Charge/s: Aggravated assault x 1; contravention of an intervention order x 9, breaching bail x 5.
Appeal Type: Appeal against sentence.
Facts: The appellant attended the home of the female victim (his former partner). An argument ensued. While holding their eight-week-old child, the appellant pushed the victim against the bedroom door by holding her throat (aggravated assault). The appellant was also charged with nine counts of failing to comply with a term of an intervention order and the five counts of breaching bail. The applicant was sentenced to five months and two weeks imprisonment. This also involved revoking a suspended sentence imposed for an offence of driving while disqualified. The breaching offences were five of the counts of contravening an intervention order and one of the counts of breaching bail.
Issue/s: Some of the grounds of appeal included –
Decision and Reasoning: The appeal was dismissed.
First, the magistrate did not err in the application of s 18A. It was appropriate and convenient to go directly to the single sentence imposed for the course of conduct constituting the breach and contravention charges. The magistrate treated this offending separately from the offending on the charge of aggravated assault. Any descent into further detail would have created unnecessary elaboration – R v Major applied: see .
Second, there was no error in the approach of the magistrate. One of the key submissions rejected by Stanley J was that proper grounds existed to refrain from revoking a suspended sentence because there was a marked disproportion between the seriousness of the offence constituting the breach and the sentence of imprisonment that would be activated. In rejecting this, Stanley J held that the breaching offences shared the same characteristic as the earlier offending; they involved the appellant failing to comply with a term or condition imposed on him. However, more importantly, there was not a marked disproportion between the seriousness of the breaching offences and the sentence of imprisonment activated. The contraventions of an intervention order were ‘serious offending’. As per Stanley J at :
‘In R v McMutrie this Court said that a breach of a restraining order is a matter of particular gravity. The object of the Intervention Orders (Prevention of Abuse) Act 2009 (SA) is the prevention of domestic and non-domestic abuse, and the exposure of children to the effects of such abuse. The principal instrument for achieving this objective is the making of intervention orders. The protective objects of the Act can only be achieved if courts are scrupulous in doing what they can to ensure that persons who are subject to such orders comply with them. The repeated breaches of those orders by the appellant demonstrate a persistent, blatant and contumelious disregard for the orders and the authorities that impose them. Crimes of domestic violence are often occasions for the exercise, or attempted exercise, of power over the victim by the offender. Breaches of intervention orders can be occasions for the offender to intimidate the victim with an implied threat that such orders will not protect them. The courts must act to contradict this impression’.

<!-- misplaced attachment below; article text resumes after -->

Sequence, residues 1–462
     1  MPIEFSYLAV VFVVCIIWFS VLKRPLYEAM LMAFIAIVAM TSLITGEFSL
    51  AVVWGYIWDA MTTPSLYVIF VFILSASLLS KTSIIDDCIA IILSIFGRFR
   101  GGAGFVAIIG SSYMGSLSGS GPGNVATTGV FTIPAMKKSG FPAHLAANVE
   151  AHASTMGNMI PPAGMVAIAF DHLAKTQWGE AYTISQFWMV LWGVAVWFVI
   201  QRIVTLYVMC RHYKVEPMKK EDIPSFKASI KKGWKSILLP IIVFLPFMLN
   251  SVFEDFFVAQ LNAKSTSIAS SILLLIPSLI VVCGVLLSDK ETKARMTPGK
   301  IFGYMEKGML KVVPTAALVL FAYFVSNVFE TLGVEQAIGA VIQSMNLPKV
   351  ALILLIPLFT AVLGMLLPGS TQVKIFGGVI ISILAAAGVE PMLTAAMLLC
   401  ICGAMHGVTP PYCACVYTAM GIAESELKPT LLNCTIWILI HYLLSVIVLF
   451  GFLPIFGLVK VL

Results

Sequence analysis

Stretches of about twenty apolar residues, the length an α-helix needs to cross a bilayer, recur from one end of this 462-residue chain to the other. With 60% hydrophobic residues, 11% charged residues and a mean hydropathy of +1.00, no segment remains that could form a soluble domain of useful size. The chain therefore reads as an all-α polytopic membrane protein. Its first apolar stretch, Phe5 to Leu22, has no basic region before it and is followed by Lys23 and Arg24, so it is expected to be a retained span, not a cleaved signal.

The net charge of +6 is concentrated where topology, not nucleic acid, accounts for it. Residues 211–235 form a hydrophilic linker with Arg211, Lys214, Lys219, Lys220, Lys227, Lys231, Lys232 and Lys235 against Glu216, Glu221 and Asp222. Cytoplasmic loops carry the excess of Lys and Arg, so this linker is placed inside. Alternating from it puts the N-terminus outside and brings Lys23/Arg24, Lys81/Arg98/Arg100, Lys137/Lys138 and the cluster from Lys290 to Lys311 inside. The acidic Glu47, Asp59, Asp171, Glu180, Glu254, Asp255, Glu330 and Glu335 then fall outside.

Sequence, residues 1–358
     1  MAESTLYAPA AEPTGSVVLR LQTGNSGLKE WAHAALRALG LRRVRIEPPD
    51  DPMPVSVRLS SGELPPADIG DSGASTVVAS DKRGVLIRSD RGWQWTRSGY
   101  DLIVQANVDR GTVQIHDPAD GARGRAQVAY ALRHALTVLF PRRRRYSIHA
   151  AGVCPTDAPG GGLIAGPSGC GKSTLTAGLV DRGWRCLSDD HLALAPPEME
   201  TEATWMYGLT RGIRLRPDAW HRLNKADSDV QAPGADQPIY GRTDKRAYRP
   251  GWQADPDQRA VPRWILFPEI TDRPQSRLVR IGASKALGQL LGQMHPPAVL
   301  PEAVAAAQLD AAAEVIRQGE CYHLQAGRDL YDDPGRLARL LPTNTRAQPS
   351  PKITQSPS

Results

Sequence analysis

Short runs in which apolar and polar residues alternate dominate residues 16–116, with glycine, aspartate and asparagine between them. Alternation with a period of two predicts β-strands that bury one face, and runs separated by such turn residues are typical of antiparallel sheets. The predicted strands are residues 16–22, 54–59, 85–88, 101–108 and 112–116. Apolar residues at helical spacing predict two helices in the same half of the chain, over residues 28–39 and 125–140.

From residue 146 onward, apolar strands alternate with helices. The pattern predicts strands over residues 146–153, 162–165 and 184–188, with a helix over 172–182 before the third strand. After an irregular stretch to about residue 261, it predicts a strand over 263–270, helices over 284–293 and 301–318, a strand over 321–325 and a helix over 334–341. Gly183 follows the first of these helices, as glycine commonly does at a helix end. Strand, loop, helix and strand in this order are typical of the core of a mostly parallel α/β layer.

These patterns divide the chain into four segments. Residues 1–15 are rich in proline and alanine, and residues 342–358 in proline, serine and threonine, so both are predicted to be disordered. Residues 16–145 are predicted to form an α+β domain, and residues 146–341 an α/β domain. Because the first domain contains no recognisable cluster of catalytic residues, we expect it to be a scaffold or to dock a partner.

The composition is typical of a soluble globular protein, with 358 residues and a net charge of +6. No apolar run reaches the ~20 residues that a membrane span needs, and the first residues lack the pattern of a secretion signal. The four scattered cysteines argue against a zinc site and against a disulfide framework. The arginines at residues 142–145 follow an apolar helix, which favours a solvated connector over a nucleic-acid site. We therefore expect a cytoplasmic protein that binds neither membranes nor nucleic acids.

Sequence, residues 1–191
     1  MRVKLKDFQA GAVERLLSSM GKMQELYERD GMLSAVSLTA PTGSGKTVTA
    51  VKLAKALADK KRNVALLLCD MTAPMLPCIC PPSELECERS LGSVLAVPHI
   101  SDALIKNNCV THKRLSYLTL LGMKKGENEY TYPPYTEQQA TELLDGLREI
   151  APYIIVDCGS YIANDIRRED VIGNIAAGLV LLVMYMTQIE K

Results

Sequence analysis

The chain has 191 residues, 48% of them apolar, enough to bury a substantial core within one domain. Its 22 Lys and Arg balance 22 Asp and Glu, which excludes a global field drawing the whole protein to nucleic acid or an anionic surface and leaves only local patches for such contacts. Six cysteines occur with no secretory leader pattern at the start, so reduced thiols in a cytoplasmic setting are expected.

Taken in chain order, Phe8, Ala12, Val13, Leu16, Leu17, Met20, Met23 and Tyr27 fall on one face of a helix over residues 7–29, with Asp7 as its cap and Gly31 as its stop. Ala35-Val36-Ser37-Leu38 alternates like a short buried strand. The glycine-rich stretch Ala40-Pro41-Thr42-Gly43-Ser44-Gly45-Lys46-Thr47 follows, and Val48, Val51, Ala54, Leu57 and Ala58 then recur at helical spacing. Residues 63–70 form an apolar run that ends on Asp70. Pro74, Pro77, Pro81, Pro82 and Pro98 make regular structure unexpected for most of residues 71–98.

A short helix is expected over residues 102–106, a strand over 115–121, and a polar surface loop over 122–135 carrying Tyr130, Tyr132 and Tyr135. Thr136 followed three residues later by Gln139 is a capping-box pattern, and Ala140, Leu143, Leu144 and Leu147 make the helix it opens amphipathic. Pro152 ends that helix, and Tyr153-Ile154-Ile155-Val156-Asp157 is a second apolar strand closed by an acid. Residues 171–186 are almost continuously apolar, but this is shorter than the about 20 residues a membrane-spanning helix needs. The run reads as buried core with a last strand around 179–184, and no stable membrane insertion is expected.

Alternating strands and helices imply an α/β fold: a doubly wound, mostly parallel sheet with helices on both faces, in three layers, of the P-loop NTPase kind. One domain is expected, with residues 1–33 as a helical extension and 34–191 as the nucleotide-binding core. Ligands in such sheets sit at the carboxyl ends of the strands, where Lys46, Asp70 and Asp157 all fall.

Third, there was no error in the approach taken by the magistrate to the victim’s attitude towards penalty. Stanley J noted that ‘[w]hile the attitude of the victim to an offence is not an irrelevant factor in sentencing, that attitude cannot be determinative of what constitutes an appropriate sentence. Moreover, this principle must be applied with considerable caution in cases of domestic violence’ (). His Honour continued at :
‘The reason for such caution is obvious. In situations of domestic violence a victim’s motivation for advocating a particular penalty is often influenced by their ongoing relationship with the defendant and an unhealthy relationship of dependency between them. Their attitude is often influenced by apprehension about the consequences for them in the future given a continuing relationship with the defendant. This attitude frequently fails to reflect what is in their best interests and what the court might consider appropriate in all the circumstances. It would be contrary to sound sentencing practice to place victims of domestic violence in the position where they hold, or appear to hold, the keys to the offender’s release. To place victims in that position is to impose on them a burden they ought not be required to bear’.Finally, the sentence was not manifestly excessive. This was in circumstances where the aggravated offence was towards the lower end of the scale for that offence but it was still a serious offence, exacerbated by the presence of a small child; the aggravated assault was not mitigated by the expressed attitude of the victim; the repeated breaches of the intervention order constituted serious offending; the appellant did not have a favourable criminal history; and considerations of general and specific deterrence were particularly important here: see -.